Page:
This portion of the filter uses the super high density Matala matts that you see in the pictures Just In Case the RDF is not able to function properly. Maybe you got a lightening strike and it fried the controller, or maybe you dropped a hammer/wrench on the drum screen and tore it open(yes it has happened before), so the RDF is not functioning properly. In this situation you would reduce the total water flow to 1/3 of normal, and then insert those Matala Matts into the DWCC and then either remove the RDF from the filter or remove a large section of the drum screen so water can pass straight through. Since the water flow is reduced considerably a lot of the solid debris will be removed by the Matala so the biological filtration after the RDF is getting relatively clean water until the RDF is fixed. Once you have the RDF fixed you would remove the Matala and store it away, hopefully never to use it again.

      I am building the largest Gravity Fed ZacoDraco ever as I type this and it will incorporate the DWCC/JIC before going to Two DracoDrum Origins 16's for up to 9,000 GPH, and then it will shower down onto 8 Cu Ft of Rio Media for the biological filtration. I am also building a waste water sump chamber directly under the RDF's where the sump pump will go and it will have a perforated basket to capture the large RDF waste particles so that waste doesn't clog a sump pump. Normally with RDF's the customer would have to dig a separate sump chamber to handle the RDF waste water but this time it will be incorporated into the filter.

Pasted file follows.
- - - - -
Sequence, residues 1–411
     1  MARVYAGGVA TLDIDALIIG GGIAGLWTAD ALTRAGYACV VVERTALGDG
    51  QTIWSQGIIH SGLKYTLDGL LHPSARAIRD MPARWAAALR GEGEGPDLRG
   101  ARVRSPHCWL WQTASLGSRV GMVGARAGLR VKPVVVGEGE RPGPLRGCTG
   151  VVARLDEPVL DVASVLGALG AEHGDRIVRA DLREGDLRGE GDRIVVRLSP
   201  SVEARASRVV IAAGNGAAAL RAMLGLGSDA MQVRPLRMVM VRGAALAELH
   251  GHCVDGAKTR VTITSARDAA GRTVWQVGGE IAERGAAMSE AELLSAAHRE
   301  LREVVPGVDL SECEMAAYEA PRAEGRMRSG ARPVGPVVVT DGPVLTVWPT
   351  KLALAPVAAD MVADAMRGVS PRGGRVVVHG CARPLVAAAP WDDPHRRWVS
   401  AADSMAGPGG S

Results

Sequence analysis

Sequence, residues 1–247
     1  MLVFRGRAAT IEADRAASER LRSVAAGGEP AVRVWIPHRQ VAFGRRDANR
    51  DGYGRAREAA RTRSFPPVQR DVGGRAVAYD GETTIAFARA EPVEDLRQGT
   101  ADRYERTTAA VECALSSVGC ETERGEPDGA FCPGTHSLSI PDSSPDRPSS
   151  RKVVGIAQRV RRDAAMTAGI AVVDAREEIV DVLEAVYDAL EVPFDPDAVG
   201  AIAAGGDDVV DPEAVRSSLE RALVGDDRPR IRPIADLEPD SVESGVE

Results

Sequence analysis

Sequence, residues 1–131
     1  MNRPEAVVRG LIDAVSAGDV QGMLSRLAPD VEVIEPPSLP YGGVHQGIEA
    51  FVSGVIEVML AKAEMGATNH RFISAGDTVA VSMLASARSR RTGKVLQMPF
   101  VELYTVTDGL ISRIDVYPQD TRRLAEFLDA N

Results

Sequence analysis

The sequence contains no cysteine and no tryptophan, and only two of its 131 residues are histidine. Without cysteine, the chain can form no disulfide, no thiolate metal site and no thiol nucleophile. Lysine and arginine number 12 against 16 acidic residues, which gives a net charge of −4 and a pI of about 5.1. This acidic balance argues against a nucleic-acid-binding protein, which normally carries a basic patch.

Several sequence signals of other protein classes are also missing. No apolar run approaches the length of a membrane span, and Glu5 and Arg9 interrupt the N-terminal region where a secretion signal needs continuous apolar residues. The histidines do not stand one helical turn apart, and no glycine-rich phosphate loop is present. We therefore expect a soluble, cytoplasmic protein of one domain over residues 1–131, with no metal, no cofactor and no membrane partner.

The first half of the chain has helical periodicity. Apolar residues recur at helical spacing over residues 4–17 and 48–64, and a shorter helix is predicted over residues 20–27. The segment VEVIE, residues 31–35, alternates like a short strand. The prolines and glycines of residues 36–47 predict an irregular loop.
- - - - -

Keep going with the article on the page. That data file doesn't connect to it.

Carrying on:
Don't you worry, I will post pictures and explanations of this G-ZacoDraco as I get closer to finishing it. I have over 20 hrs of labor into already and probably have at least that many more to go. Custom work takes a long time to bring everything together.
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    17. #17